Peter Kitelo, Kenya Forest Indigenous Peoples Network (FIPN):The journey to community land justice for the Forest Indigenous Communities of Kenya.

Milka Chepkorir, Anthropologist and Member of the the Sengwer Indigenous Peoples, Kabolet forest: Available opportunities for indigenous women in ecological and landscape restoration.

Raymond Samndong; Monitoring, Evaluation, Learning and Reporting Manager; the Tenure Facility: The importance of scaling up implementation of land and forest tenure reform policies and legislationand enabling governments and communities to test new tools, strategies and approaches to securing land and forest tenure

Jean Ousmane Camara, National Coordinator, Madagascar Land Reform Coordination Unit (CCRF): A discussion of the progressive legal framework in Madagascar’s progressive legal framework and decentralized land governance system: what link between land and investments in forest landscape restoration.

Shadrack Omondi, Chairman of ILC Africa and Audace Kubwimana, Africa Program Manager: The role of Multi Stakeholder Platforms (MSPs) in enhancing land governance and restoration in Africa (Case of ILC-National Engagement Strategies/NES processes) with a focus on Madagascar.

USAID Environment Office supports Northern Range Trust (NRT), The Nature Conservancy (TNC), the Regional Centre for Mapping Resources for Development (RCMRD) and the US Forest Service to implement biodiversity conservation activities in various landscapes in Kenya.

USAID support to these institutions has developed innovations and technologies including establishing community conservancies, valuation of ecosystem cervices, restoring community lands and providing climate services. This event will help share these innovations with scientists, practitioners, and farmers from the world. Representatives from NRT, RCMRD, TNC and USFS will present the innovations and technologies they have deployed in landscape restoration after an introduction from USAID Mission Director. The event will also accommodate a Q&A with the audience.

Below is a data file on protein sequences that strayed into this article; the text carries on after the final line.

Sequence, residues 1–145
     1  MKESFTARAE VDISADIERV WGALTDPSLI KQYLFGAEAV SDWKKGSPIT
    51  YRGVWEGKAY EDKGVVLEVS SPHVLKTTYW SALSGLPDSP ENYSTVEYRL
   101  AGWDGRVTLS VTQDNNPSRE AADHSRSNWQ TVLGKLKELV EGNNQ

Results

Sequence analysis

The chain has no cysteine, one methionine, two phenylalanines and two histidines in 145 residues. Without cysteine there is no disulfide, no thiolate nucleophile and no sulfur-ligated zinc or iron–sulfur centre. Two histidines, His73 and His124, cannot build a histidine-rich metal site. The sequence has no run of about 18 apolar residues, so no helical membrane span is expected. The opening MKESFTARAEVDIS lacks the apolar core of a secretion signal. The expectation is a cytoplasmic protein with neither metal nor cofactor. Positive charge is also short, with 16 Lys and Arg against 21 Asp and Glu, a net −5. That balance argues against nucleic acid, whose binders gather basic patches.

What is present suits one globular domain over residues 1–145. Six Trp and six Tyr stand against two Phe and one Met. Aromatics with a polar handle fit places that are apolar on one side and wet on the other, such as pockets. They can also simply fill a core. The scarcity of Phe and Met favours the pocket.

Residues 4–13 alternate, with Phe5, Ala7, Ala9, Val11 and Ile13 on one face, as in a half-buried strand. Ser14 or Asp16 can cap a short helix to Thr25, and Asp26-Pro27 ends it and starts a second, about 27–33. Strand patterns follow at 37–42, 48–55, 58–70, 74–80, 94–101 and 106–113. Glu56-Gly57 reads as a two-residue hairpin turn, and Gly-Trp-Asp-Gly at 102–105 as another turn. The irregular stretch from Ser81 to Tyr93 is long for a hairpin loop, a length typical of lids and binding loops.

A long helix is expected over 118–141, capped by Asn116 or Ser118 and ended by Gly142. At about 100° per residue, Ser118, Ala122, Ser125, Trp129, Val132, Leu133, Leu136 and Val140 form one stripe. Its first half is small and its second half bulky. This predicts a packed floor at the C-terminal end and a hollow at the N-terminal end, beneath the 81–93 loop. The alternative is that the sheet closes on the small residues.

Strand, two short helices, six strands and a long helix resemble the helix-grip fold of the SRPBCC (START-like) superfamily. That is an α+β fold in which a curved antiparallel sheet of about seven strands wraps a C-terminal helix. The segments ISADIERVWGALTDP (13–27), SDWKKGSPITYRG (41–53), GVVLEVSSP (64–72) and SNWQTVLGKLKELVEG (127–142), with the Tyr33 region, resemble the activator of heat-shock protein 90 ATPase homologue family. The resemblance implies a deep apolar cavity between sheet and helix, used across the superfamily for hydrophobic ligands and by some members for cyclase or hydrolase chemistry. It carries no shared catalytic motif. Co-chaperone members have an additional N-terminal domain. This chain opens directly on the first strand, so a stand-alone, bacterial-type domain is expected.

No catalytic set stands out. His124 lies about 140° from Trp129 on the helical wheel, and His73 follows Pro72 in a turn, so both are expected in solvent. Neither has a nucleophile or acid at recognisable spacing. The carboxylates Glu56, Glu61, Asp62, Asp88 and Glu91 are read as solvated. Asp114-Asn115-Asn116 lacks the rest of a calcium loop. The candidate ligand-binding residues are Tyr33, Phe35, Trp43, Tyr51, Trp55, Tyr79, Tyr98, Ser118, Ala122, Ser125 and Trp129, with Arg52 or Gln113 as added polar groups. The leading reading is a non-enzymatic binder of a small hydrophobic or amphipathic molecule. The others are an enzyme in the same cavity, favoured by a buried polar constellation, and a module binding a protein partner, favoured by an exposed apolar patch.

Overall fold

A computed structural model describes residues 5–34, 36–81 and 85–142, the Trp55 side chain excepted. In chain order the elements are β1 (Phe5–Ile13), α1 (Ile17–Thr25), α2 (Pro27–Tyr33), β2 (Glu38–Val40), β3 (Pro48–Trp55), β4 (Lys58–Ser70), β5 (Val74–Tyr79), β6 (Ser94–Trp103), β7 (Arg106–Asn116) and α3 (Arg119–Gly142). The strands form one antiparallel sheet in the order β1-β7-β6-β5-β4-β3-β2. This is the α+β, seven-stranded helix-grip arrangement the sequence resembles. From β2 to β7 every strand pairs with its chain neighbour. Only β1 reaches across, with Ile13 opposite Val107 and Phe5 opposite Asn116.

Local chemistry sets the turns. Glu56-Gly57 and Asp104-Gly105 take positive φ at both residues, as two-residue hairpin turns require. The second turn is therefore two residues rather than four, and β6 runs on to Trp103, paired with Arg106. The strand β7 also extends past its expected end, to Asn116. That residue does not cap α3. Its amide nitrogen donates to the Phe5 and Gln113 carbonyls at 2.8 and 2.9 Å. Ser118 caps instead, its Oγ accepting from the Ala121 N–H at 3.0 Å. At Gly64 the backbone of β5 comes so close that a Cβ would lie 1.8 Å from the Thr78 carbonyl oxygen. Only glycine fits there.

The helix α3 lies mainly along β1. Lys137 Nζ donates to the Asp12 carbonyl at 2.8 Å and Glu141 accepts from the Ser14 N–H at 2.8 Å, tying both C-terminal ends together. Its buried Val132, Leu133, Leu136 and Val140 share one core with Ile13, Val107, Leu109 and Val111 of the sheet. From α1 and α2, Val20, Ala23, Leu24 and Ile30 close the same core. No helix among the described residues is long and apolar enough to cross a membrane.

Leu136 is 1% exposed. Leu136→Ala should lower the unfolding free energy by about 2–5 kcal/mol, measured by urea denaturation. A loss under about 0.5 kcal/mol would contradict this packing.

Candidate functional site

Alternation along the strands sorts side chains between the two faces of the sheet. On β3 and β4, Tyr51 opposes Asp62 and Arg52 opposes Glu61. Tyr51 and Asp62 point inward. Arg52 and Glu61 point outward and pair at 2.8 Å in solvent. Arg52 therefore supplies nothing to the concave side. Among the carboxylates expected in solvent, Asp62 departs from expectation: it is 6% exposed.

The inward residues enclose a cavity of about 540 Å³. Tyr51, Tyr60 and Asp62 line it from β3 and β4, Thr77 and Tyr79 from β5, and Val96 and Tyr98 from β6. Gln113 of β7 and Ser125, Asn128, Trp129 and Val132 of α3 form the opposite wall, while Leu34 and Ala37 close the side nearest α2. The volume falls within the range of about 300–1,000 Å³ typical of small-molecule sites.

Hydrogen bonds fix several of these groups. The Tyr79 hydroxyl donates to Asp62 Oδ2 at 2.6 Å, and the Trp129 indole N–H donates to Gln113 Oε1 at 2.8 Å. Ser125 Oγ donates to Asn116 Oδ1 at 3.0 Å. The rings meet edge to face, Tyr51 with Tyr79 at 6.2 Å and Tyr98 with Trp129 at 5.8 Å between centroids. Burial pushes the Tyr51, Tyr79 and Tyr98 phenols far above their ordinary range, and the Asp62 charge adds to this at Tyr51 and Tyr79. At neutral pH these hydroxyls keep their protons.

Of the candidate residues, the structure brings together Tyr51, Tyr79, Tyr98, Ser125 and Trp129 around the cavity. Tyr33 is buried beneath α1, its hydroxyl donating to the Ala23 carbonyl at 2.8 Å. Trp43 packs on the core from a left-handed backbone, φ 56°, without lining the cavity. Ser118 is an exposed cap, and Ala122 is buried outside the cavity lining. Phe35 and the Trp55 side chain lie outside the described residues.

NRT contributes to landscape restoration by supporting the local community to develop grazing plans; land use planning; rotational grazing; bunched grazing; rehabilitation of landscape through removal of invasive species and soil conservation; and building the capacity of local institutions by developing grazing bylaws implemented by community conservancies.

The US Forest works with the Kenya Forest Service and the Kenya Forestry Research Institute to provide decision makers with quantitative information on ecosystem services values aimed at spurring resource allocation to landscape restoration and conservation in key water towers in Kenya.

RCMRD improves capacity of analysts and decision-makers to use earth observation information and geospatial information technologies for biodiversity conservation.

TNC supports community based institutions through fund raising, conservation planning, rangeland monitoring, and geospatial and climate change technical support. They also promote sustainable businesses and connect community, public and private protected areas.